Acquired MS/MS spectra were searched against an international protein index “rat v. 3.78 FASTA-format decoy database” downloaded from European Bioinformatics Institute (EBI, http://www.ebi.ac.uk/). The SEQUEST algorithm [19] was used to find the best matching sequences from the database with BioWorks 3.3 (Thermo Fisher Scientific Inc., Rockford, IL, USA) for fully tryptic peptides. The mass of the amino acid cysteine was statically modified by +57 Da and the differential modification search was performed for oxidation (+16 Da on Met). Xcorr values were based on tryptic peptides and charge states following 1.8 for singly charged peptides, 2.5 for doubly charged peptides, 3.5 for triply charged peptides, and 0.08 for ΔCn (DTASelect v. 2.0.39). The analysis of protein fold-change was quantified by an overall spectral counting method comparison of label-free methods for quantifying human proteins [20].

3. Results

3.1. Behavioral Tests

A total of 14 animals ( per group) were included in the behavioral test. Before the CPIP procedure, there were no differences in the mechanical threshold between the groups. However, Group A exhibited a significant decrease in the mechanical threshold compared to Group C after the CPIP procedure (, Figure 2). The mean differences of CMT (%) in Group A compared to Group C were −41.5, −73.2, −92.3, −98.2, −92.2, and −95.3 after CPIP procedure 1 h, 4 h, day 1, day 2, day 7, and day 21, respectively.

3.2. Differential Protein Expression in the Rat Cerebrum

A total of 454 proteins were differentially expressed between Groups A and C under the criterion of value <0.1. Among the 454 proteins, we selected those found in the cerebrum of all study animals in either group and excluded “uncharacterized proteins” and “hypothetical proteins.” Finally, we found 155 differentially expressed proteins between Group A and Group C: 125 increased (Table 6) and 30 decreased (Table 7). Specifically, expression of proteins related to cell signaling (Table 1), synaptic plasticity (Table 2), regulation of cell proliferation (Table 3), and cytoskeletal formation (Table 4) was increased in Group A. Also, expression of a group of protein kinases (calmodulin dependent protein kinase II beta M isoform, casein kinase 2, phosphoenolpyruvate carboxykinase 2, mitogen-activated protein kinase 4, protein kinase C delta, N-terminal kinase like protein, uridine kinase-like 1, serine/threonine protein kinase PLK 1, and phosphoinositide 3 kinase regulatory subunit 4) and calcium-related proteins (inositol 1,4,5-triphosphate receptor type 2, annexin A1, annexin A2, annexin A5, voltage-dependent Ca2+ channel gamma-2 subunit, and voltage-dependent Ca2+ channel beta-3 subunit, and coiled-coil domain-containing protein 47) was also elevated in Group A. However, several proteins were decreased in group A. Specifically, expression of proteins related to cell signaling (Table 5) and metabolism of fatty acid (peroxisomal 3,2-trans-enoyl Co A isomerase, acetyl-CoA acyltransferase 1b, and acetyl-CoA acetyltransferase 2) were decreased. Also, proenkephalin A, protein cereblon, and neuroserpin were decreased in Group A.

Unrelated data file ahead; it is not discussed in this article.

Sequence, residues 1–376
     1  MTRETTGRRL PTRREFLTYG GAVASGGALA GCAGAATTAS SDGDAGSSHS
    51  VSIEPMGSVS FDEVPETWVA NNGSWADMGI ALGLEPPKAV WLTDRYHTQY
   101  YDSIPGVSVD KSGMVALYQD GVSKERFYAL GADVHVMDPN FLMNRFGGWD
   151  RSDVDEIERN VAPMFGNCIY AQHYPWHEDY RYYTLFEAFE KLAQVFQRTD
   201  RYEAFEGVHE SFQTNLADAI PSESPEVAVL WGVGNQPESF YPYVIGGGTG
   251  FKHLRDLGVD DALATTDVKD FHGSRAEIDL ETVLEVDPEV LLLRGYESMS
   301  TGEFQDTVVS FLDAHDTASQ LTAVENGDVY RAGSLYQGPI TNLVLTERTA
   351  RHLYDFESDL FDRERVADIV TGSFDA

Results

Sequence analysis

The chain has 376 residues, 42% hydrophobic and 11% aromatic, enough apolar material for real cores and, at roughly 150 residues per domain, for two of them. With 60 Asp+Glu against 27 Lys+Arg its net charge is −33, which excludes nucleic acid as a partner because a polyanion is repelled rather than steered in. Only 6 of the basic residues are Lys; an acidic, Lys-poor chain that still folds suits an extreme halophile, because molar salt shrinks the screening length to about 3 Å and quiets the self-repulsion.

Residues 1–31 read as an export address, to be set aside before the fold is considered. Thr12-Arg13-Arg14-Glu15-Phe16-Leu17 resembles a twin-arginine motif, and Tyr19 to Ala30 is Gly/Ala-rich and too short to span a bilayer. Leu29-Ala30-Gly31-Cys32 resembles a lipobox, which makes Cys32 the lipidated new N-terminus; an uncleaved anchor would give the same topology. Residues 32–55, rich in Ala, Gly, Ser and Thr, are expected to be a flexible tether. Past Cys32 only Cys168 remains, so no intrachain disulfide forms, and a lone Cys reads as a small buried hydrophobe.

4. Discussion

In our study, various proteins were differentially expressed in the cerebrum of CPIP animals. Specifically, expressions of proteins related to cell signaling, synaptic plasticity, regulation of cell proliferation, and cytoskeletal formation were increased in Group A. These findings suggest that both functional and structural changes may occur in the cerebrum of CPIP animals, and altered protein expression can be related to the development of CRPS. This is the first study of cerebral protein expression changes in the CPIP rat model.

We also found that inositol 1,4,5-triphosphate (IP3) receptor type 2 and phosphoinositide 3 kinase (PI3K) regulatory subunit were also increased in Group A. IP3 receptor is intracellular calcium release channel and is regulated by calcium and calmodulin (CaM) [21]. And it is known that PI3K is an important mediator of central sensitization in painful inflammatory condition [22], and many tumorous conditions are related to this enzyme [23, 24]. Based on these findings, cerebral overexpression of IP3 receptor type 2 and PI3K can be related to the sustained pain after rat CPIP model.